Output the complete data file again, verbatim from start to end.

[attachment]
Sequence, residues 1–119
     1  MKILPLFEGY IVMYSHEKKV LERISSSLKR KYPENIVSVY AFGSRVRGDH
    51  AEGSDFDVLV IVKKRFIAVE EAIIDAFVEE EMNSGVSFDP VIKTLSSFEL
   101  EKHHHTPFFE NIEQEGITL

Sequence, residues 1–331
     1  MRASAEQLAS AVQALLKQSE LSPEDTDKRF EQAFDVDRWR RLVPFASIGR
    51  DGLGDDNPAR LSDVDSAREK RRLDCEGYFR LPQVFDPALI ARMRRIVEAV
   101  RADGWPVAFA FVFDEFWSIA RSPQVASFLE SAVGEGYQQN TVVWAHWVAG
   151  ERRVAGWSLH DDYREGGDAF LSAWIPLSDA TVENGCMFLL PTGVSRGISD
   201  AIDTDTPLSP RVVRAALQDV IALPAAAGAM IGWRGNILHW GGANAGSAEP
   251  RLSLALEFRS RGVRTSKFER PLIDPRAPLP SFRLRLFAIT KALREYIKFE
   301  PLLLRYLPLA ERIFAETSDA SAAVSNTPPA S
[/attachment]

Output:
Sequence, residues 1–119
     1  MKILPLFEGY IVMYSHEKKV LERISSSLKR KYPENIVSVY AFGSRVRGDH
    51  AEGSDFDVLV IVKKRFIAVE EAIIDAFVEE EMNSGVSFDP VIKTLSSFEL
   101  EKHHHTPFFE NIEQEGITL

Sequence, residues 1–331
     1  MRASAEQLAS AVQALLKQSE LSPEDTDKRF EQAFDVDRWR RLVPFASIGR
    51  DGLGDDNPAR LSDVDSAREK RRLDCEGYFR LPQVFDPALI ARMRRIVEAV
   101  RADGWPVAFA FVFDEFWSIA RSPQVASFLE SAVGEGYQQN TVVWAHWVAG
   151  ERRVAGWSLH DDYREGGDAF LSAWIPLSDA TVENGCMFLL PTGVSRGISD
   201  AIDTDTPLSP RVVRAALQDV IALPAAAGAM IGWRGNILHW GGANAGSAEP
   251  RLSLALEFRS RGVRTSKFER PLIDPRAPLP SFRLRLFAIT KALREYIKFE
   301  PLLLRYLPLA ERIFAETSDA SAAVSNTPPA S